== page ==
Last week’s episode was the 600th original (not rerun or tweaked) episode, and the BugLady is going to take a two-week victory lap (but she will fill the space with tasteful reruns).
The BugLady has been hanging out on the hawk tower this fall, logging migrating raptors for the Western Great Lakes Bird and Bat Observatory. We’ve counted just under 800 birds since early September, and some of the weather has been – interesting. On Sunday, the temperature was in the high 30’s (-ish), and we clocked a few wind gusts around 40 – and got 37 birds. The BugLady was amazed to see, on the walk back to the car, a few wooly bear caterpillars crossing the mowed trail. Those little fur coats must be a lot warmer than they look.
Without further ado, here’s a slightly up-dated version (some new words, a few new pictures) of a rerun from 2015, which was a slightly up-dated version of the 2009 original.
As often happens with the moths, one life stage may be more conspicuous, and the adults and caterpillars may even have different names. In this case, the ubiquitous, rust-and-black-banded Wooly bear caterpillar turns into a lovely, less-common, caramel-colored, or cream https://bugguide.net/node/view/1636191/bgimage, or yellow https://bugguide.net/node/view/1237224/bgimage) moth called the Isabella Tiger moth (Pyrrharctia Isabella). Pyrrharctia is a “monotypic genus” – there’s only this single species in it – and they’re only found in North America.
Tiger moths are in the family Erebidae, a diverse group that includes about 250 species of tiger, underwing, Zale, tussock moths, etc. in North America and many more worldwide (except Antarctica). If you have an older insect guide, they’re in their own family, Arctiidae, but everything that was once in Arctiidae is now in subfamily Arctiinae.
Tiger moths are unusual in that they have an organ on their thorax that vibrates to produce ultrasonic sound. They “vocalize” to attract mates and to defend against predators. If you have sound-making ability, you also need “ears,” and those are on the thorax, too. Like the feline tigers, the adults of many species are hairy and sport bold color patches, stripes or patterns (consider the striking Leconte’s Haploa https://bugguide.net/node/view/954015).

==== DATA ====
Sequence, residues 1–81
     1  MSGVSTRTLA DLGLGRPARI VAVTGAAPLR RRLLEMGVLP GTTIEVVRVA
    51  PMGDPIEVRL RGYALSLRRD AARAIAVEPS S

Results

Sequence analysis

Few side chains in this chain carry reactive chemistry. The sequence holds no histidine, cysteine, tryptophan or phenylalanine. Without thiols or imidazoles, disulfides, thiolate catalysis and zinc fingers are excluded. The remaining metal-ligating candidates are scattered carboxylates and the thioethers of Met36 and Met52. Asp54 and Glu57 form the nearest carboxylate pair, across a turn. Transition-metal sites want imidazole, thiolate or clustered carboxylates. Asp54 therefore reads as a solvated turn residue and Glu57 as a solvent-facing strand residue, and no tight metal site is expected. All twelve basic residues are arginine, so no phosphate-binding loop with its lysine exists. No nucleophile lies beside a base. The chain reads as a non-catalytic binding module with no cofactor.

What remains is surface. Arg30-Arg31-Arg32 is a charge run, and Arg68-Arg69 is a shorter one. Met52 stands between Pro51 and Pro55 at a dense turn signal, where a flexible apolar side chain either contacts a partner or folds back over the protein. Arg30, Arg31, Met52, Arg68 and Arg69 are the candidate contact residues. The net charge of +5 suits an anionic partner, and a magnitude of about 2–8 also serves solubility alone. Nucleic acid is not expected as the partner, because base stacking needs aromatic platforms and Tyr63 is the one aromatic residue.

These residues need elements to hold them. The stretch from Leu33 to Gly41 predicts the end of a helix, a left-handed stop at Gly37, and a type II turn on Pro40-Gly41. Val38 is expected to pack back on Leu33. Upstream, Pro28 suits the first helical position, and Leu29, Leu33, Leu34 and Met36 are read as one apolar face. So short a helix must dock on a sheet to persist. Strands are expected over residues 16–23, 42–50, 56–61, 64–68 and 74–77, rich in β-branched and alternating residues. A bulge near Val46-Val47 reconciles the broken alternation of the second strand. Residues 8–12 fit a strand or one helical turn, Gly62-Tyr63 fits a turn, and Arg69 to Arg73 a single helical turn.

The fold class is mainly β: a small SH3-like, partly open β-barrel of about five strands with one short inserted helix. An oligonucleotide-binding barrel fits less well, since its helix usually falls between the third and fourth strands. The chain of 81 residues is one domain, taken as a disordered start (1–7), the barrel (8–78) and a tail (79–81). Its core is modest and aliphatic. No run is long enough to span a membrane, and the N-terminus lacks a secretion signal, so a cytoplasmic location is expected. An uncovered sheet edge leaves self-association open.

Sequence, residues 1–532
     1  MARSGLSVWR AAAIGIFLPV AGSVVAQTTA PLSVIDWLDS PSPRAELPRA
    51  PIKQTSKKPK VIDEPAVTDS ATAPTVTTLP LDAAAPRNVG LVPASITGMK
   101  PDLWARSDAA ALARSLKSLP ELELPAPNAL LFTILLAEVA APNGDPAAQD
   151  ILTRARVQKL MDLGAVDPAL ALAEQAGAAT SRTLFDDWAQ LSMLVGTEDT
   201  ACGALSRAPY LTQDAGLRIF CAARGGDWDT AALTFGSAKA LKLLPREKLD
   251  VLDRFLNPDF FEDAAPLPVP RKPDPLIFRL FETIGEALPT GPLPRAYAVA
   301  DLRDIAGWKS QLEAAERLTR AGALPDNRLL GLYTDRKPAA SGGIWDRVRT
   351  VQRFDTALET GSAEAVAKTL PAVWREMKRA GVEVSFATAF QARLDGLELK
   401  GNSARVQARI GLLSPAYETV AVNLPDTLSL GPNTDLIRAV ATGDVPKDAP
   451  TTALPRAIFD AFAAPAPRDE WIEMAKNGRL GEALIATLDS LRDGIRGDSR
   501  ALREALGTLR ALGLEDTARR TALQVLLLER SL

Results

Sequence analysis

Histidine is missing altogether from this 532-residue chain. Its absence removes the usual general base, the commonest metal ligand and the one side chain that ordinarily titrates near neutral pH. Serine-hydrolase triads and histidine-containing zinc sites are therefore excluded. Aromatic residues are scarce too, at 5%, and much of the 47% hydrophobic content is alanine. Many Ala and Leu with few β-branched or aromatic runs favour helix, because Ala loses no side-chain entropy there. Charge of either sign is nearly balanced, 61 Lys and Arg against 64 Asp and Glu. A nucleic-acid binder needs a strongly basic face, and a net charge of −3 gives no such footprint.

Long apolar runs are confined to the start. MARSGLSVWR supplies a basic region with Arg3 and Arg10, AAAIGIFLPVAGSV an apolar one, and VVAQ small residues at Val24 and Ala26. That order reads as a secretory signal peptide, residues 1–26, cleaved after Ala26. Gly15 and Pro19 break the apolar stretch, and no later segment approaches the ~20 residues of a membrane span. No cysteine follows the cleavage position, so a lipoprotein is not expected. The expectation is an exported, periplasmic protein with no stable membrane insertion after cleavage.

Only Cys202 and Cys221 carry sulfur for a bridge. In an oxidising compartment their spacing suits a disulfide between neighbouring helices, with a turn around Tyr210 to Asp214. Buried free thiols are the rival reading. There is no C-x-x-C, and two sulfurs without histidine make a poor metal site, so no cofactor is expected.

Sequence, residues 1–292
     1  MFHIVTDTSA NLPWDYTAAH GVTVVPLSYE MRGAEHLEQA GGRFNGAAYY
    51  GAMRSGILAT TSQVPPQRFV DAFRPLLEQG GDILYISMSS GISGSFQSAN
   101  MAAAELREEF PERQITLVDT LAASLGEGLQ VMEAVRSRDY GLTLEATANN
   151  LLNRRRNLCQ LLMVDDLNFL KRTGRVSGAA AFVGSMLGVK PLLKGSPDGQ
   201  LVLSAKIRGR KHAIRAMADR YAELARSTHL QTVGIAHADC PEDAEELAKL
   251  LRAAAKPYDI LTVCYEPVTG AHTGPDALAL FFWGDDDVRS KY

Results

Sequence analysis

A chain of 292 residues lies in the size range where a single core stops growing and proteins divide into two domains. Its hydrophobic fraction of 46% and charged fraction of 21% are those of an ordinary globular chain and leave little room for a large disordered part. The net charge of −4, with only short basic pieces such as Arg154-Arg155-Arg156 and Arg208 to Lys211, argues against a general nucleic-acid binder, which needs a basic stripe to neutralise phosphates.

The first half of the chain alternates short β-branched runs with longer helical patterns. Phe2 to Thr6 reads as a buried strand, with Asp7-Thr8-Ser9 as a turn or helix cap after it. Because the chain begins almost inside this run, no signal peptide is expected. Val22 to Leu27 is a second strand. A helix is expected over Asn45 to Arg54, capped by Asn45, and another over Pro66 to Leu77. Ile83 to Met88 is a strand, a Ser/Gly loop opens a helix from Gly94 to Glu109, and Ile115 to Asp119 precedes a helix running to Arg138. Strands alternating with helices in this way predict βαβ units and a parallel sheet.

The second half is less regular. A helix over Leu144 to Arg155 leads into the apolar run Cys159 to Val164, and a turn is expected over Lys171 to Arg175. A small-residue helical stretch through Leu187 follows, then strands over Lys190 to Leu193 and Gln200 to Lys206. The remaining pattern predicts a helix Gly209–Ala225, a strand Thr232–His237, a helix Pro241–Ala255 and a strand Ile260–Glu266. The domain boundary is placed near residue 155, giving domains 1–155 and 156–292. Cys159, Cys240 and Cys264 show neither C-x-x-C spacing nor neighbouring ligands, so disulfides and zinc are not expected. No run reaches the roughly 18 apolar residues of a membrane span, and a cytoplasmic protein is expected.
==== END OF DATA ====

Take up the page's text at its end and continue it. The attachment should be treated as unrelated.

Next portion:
Many tiger moth caterpillars are fuzzy, earning a group name of wooly bears or wooly worms. There is an amazing amount of information out there about wooly bear caterpillars, and much of it is contradictory, which is explained by the fact that there are many different kinds of caterpillars that are called Wooly bears.
The Isabella Tiger Moth caterpillar is called the (generic) Wooly Bear, the Black-ended Bear, and the Banded Wooly Bear (they’re not as distinctive in their early stages https://bugguide.net/node/view/1617463/bgimage).
A mature female Isabella Tiger Moth “calls” to males by emitting pheromones (chemical signals) at night, and males use their sensory antennae to zero in on her https://bugguide.net/node/view/1837707/bgimage. Isabella Tiger Moths lay their eggs https://bugguide.net/node/view/1186437/bgimage on a wide variety of plants during the warm months. While some caterpillars are known for their picky eating, Wooly bears are generalists. They feed during the day, munching on handy, low-growing plants like grasses, “weeds,” and wildflowers (cannibalism has also been reported). Their catholic eating habits ensure that they’re constantly surrounded by food during their autumnal wanderings in search of wintering sites.
They spend the winter as caterpillars, sheltered from the weather under tree bark or debris, or in your garage. Do they become “bug-cicles”? Yes, indeed – they’ve even been found frozen into a chunk of ice. But, like other organisms that are dormant in the dead of winter, Wooly bear caterpillars produce a chemical cryoprotectant (antifreeze) that safeguards living tissue against damage from freezing and thawing. They will stir and walk around on mild winter days and go back into hiding when the temperatures drop again. They wake up with the warm weather, resume eating, and then pupate in late spring in a fuzzy cocoon into which they incorporate their own “hairs.” According to Wikipedia, Arctic summers are so short that Arctic Wooly bears may need to live through several of them to become mature enough to pupate.